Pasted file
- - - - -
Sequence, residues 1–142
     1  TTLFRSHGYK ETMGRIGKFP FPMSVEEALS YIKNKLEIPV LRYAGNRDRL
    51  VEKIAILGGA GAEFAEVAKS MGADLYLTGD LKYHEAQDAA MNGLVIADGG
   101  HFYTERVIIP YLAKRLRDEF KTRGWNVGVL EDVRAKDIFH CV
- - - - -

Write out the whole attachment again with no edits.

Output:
Sequence, residues 1–142
     1  TTLFRSHGYK ETMGRIGKFP FPMSVEEALS YIKNKLEIPV LRYAGNRDRL
    51  VEKIAILGGA GAEFAEVAKS MGADLYLTGD LKYHEAQDAA MNGLVIADGG
   101  HFYTERVIIP YLAKRLRDEF KTRGWNVGVL EDVRAKDIFH CV